While recent research found that over 71% of South Africans are willing to take the Covid-19 vaccine, government has indicated its concern with increasing reports of vaccine hesitancy.
According to the research young people in particular, aged between 18-25, were much more likely to be vaccine hesitant than older adults.
The spread of Covid-19 misinformation on the internet is rife. If you've heard something that's left you in doubt about whether to get the jab, email us your question and our team of health reporters will check the facts for you.
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There is growing evidence that Covid-19 vaccination is safe and, in fact, beneficial for pregnant women and their unborn babies, Professor Thomas Scriba, deputy director of immunology and laboratory director at the South African Tuberculosis Vaccine Initiative, University of Cape Town, told Health24.
In fact, pregnant women are at an increased risk for severe illness from Covid-19 infection when compared to non-pregnant people, as well as preterm birth, indicates the CDC. The protection provided by the vaccines is, therefore, likely even more important in this group than it is for non-pregnant individuals, said Scriba.
Protective antibodies generated by the mother have also been found to transfer to the baby during the last trimester of pregnancy and after birth, via breastfeeding.
If you have questions about getting vaccinated, discussing all factors about the vaccine and your pregnancy with your healthcare provider might help.
UPDATED: The department of health issued the latest clear guidance on vaccination after Covid-19 infection.
There is a period that any person who has recovered from Covid-19 infection will need to wait before vaccination – this applies to infection before the first AND before the second dose where the Pfizer vaccine is concerned.
The department said that if a person is known to have had Covid-19 virus infection, the recommended minimum interval between the infection and Covid-19 vaccination is 30 days AFTER THE END OF SEVERE SYMPTOMS or 35 days after the date of the positive.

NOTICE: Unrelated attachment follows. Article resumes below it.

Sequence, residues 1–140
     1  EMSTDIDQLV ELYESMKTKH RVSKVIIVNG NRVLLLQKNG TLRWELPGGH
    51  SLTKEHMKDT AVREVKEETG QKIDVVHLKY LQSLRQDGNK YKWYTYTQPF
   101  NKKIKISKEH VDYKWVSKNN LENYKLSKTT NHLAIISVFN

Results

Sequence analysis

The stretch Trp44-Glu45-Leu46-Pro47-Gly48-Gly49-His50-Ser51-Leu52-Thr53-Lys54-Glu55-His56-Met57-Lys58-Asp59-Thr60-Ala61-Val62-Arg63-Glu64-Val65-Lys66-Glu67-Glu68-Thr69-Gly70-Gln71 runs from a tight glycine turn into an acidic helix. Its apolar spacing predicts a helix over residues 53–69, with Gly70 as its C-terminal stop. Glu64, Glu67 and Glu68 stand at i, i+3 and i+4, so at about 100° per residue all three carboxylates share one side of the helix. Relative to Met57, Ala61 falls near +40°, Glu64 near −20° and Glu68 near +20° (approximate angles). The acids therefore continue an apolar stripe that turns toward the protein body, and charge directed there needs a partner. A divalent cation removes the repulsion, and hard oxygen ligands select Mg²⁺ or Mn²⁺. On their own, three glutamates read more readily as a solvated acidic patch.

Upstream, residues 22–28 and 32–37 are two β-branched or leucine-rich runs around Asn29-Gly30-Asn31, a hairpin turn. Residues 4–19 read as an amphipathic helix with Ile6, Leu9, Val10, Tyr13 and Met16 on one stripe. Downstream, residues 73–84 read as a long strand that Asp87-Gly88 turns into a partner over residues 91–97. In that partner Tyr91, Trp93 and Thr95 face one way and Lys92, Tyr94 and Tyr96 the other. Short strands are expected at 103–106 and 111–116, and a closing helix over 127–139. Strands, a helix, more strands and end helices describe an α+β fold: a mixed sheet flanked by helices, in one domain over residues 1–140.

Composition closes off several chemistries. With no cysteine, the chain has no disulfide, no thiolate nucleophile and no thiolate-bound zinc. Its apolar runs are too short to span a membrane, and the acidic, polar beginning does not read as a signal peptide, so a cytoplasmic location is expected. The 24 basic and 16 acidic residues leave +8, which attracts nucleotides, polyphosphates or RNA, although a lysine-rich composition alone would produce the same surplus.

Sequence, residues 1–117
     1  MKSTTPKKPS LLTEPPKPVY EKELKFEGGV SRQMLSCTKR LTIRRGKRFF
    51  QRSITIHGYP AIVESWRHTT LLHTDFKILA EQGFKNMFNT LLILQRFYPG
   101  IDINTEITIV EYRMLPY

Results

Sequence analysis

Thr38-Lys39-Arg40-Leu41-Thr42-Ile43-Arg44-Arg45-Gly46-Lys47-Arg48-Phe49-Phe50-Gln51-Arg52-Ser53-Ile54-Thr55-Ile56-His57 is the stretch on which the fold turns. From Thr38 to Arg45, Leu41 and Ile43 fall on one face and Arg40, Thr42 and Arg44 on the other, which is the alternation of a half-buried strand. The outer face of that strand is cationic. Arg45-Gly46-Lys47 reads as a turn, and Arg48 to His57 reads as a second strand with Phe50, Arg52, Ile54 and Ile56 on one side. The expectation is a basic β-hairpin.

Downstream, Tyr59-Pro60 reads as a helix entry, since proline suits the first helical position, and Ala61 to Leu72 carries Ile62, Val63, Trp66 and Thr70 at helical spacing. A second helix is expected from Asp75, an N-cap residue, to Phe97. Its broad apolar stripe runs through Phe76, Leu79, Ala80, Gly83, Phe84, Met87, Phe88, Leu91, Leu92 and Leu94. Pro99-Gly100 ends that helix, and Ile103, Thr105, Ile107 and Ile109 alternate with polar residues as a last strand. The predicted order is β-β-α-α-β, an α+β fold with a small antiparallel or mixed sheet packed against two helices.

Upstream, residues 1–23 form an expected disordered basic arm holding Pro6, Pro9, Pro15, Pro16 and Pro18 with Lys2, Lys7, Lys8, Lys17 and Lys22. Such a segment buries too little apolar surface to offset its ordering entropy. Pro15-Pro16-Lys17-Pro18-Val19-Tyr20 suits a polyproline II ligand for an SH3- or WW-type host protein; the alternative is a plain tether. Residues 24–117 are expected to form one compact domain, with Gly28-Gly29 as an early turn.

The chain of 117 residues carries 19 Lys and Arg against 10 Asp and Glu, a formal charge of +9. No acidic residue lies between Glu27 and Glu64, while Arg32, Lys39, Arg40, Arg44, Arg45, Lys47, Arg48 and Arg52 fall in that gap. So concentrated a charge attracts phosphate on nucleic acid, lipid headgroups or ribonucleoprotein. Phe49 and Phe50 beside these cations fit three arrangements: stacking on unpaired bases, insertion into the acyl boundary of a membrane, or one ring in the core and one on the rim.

The department adds that people with prior Covid-19 virus infection should still be vaccinated if they are in the eligible population – regardless if infection was symptomatic, asymptomatic or resulted in prolonged post Covid-19 symptoms.
Studies conducted on the Covid-19 vaccines indicate these vaccines can safely be given to individuals with a history of previous SARS-CoV-2 infection, but the minimal interval between infection and vaccination must be observed.
A person can shed virus after a viral infection – such as the Covid-19 virus.
Infected people can shed virus via coughing and sneezing – one of the reasons why measures like mask-wearing, physical distancing, and isolating when sick, are in place.
While some vaccines for other diseases contain live viruses that have been weakened, NONE of the Covid-19 vaccines approved around the world use a live virus.
Covid-19 vaccines do not contain live virus and cannot give you the disease.
According to Professor Mosa Moshabela, the vaccine is not only intended for people with risk factors and comorbidities.
The risk factor category is prioritised in order to safeguard people against severe disease and death from Covid-19.
However, even physically fit adults can still suffer severe disease and die, but their risk is lower than in those with identified risk factors.
“No one will be forced to take the vaccine. People should, however, bear in mind that is not a medicine to treat Covid-19, but a form of prevention so that those who are exposed to Covid-19 do not succumb to it.
“Also, people infected with Covid-19 may still spread the virus to those around them, even if they only have a mild form of the disease.
"Finally, anyone who is infected with Covid-19 can still suffer from long-Covid, a chronic condition that occurs after recovery from acute Covid-19 infection – often referred to as a post-viral syndrome,” he explains.